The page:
Art@Site Gaston Lachaise Standing Women

Gaston Lachaise


Standing Woman

University of California
Nude but not attractive
Gaston Lachaise confronts us with a naked woman. Her precious parts are explicitly; her breasts hang heavy, her nipples are prompt, between her broad hips appears a mountain.
This naked woman is not attractive, but why?
First of all because her muscles; with these shoulders and arms we would end up in a scarf hold. The attitude of this Standing Woman is tough and challenging.
Her face is saying something else: it is a sight without contact. Her eyes register but do not see, her mouth corners are bend downward; I feel contempt and resistance.
Men and women will have different interpretations. Gaston Lachaise shows the appearance of a woman that can seen through men's eyes, but shows an emotion that can be felt by women. While viewing this sculpture you know: this statue doesn’t want to be admired or seen as beautiful. I cannot come into dialog with this sculpture. It ‘only’ wants to show an able-bodied woman who doesn’t want to make contact.
By Theo,

Naakt maar niet aantrekkelijk
Gaston Lachaise confronteert ons met een blote vrouw. Haar edele delen zijn expliciet; haar borsten hangen zwaar, haar tepels zijn prompt, tussen haar brede heupen verschijnt een berg.
Deze naakte vrouw is niet opwindend, maar waar komt dit door?
Dit komt allereerst door haar spieren; met deze schouders en armen kunnen wij kansloos belanden in een houtgreep. De houding van deze Standing Woman is stoer en uitdagend.
Haar gezicht zegt iets anders: het is een gezicht dat geen contact maakt. Haar ogen registreren maar zien niet, haar mondhoeken buigen neerwaarts; ik voel minachting en weerstand. Mannen en vrouwen zullen verschillende interpretaties hebben. Gaston Lachaise toont het uiterlijk van een vrouw zoals die gezien kan worden door mannenogen, maar toont een emotie die door vrouwen gevoeld kan worden.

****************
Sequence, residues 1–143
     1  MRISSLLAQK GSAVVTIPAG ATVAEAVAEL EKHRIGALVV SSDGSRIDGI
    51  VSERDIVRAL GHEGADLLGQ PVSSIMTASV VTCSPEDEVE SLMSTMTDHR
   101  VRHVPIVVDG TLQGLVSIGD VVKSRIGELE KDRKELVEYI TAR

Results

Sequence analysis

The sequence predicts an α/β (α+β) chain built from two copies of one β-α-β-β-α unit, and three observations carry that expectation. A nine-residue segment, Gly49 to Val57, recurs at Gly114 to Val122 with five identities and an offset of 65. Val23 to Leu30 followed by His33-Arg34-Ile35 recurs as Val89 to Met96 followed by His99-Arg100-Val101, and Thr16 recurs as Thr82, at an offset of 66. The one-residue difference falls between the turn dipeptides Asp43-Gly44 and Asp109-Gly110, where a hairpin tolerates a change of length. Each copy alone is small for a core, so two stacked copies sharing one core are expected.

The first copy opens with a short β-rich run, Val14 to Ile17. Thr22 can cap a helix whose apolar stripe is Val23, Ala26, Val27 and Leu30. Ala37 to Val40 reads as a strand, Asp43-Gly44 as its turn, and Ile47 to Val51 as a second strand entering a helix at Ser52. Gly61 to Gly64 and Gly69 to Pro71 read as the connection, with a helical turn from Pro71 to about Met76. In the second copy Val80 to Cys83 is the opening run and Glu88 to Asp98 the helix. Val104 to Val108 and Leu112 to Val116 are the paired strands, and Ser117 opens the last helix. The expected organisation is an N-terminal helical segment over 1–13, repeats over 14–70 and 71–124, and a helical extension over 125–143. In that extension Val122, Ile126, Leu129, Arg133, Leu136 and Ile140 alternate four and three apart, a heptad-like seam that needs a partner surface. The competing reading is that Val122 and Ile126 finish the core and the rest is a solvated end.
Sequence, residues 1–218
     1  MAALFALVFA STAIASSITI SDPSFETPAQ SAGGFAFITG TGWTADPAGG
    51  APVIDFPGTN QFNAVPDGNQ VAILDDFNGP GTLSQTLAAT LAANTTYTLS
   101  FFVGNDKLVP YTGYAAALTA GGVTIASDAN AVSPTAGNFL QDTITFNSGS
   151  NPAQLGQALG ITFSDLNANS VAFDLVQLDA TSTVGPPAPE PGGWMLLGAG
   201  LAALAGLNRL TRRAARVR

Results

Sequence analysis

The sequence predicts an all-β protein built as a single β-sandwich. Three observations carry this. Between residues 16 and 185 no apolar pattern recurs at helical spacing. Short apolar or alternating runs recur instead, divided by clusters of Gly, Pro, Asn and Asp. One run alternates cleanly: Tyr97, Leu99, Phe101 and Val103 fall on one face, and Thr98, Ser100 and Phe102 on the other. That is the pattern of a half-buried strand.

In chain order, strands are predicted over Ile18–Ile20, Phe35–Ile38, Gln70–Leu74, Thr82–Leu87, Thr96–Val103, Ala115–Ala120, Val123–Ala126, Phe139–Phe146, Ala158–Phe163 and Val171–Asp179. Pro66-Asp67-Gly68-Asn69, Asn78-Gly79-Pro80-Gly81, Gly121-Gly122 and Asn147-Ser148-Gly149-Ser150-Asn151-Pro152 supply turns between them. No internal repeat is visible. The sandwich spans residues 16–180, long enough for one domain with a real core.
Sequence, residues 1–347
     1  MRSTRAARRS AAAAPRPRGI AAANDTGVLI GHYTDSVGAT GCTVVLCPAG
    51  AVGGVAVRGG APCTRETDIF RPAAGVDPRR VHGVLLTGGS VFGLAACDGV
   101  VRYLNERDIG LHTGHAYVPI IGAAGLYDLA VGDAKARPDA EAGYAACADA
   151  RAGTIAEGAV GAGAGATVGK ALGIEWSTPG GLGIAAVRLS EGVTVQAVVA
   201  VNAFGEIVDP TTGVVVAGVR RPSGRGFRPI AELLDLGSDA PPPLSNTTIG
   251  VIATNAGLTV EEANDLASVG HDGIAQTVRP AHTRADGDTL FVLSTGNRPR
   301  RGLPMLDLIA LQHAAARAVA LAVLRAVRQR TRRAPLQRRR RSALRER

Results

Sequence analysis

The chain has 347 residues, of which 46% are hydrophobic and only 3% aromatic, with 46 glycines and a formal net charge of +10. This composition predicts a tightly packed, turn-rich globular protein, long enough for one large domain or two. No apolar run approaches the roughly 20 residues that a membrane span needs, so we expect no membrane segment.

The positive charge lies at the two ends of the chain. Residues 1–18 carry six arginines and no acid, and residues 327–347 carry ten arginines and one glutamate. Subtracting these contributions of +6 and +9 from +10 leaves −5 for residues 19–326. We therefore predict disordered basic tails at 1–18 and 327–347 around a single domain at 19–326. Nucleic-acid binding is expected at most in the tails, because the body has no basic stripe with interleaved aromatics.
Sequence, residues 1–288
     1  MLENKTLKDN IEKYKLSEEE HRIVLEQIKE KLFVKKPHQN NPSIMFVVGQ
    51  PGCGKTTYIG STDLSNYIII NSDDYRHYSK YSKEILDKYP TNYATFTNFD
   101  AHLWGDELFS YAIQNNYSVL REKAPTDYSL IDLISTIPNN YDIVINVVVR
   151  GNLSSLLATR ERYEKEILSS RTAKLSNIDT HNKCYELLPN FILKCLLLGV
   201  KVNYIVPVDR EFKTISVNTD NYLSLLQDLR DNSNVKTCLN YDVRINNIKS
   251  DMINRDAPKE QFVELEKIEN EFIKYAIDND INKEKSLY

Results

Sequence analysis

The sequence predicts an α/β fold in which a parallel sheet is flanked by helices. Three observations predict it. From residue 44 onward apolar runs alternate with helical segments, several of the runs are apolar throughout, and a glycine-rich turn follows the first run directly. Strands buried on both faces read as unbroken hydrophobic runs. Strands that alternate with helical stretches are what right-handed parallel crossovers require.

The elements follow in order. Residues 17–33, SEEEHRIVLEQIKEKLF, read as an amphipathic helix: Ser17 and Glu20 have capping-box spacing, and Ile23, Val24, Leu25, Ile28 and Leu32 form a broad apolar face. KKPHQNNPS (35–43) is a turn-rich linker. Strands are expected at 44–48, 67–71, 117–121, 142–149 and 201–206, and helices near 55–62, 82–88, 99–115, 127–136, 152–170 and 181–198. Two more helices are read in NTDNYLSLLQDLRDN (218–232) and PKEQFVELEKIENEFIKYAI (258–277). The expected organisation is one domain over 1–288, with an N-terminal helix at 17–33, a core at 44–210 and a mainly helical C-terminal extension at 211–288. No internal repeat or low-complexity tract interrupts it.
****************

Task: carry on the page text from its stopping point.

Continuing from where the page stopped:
Tijdens het bekijken van dit beeld weet je: dit beeld wil niet mooi gevonden of bewonderd worden. Het lukt mij niet om met dit beeld in dialoog te gaan. Het blijft ‘alleen maar’ een weerbare vrouw die geen contact maken wil.
By Theo,
It is one of at least two statues of that name created by Lachaise, the other is often referred to as Standing Woman (Elevation) because the figure appears to be lifting up, as opposed to this work in which, "it is the reverse of buoyancy that is sought. This is a triumphant figure of earth." The model for both statues was Lachaise's wife Isabel Dutaud Nagle, "his model, his muse and his abiding inspiration." Modeled in 1930, it was cast in 1932. It was an edition of 8, examples are at the Franklin D. Murphy Sculpture Garden, Milwaukee Art Museum, The Brooklyn Museum, and Hirshhorn Museum and Sculpture Garden.
Related Work:
Lachaise was working in Paris in 1903 when he met his lifelong muse Isabel Dutaud Nagle, whom he later married in 1917. Responding to Nagle’s voluptuous figure, the sculptor created a powerful archetype of womanhood; Standing Woman is almost a modern fertility goddess. Swelling and undulating with elegant strength, she perches delicately on her tiptoes, seeming nearly to levitate despite her evident weight. Her closed eyes enhance her detachment from the realm of the viewer, whom the sculptor invites to marvel at her extraordinary body.
Gaston Lachaise (March 19, 1882 – October 18, 1935) was a French-born sculptor, active in the early 20th century. A native of Paris, he was most noted for his female nudes such as Standing Woman. Gaston Lachaise was taught the refinement of European sculpture while living in France. He met a young American woman, Isabel Nagel, and the pair moved to America, where his craft reached maturity and he was influenced and inspired by American ways. Lachaise helped redefine the female nude in a new and powerful manner. His drawings also reflected his new style of the female form.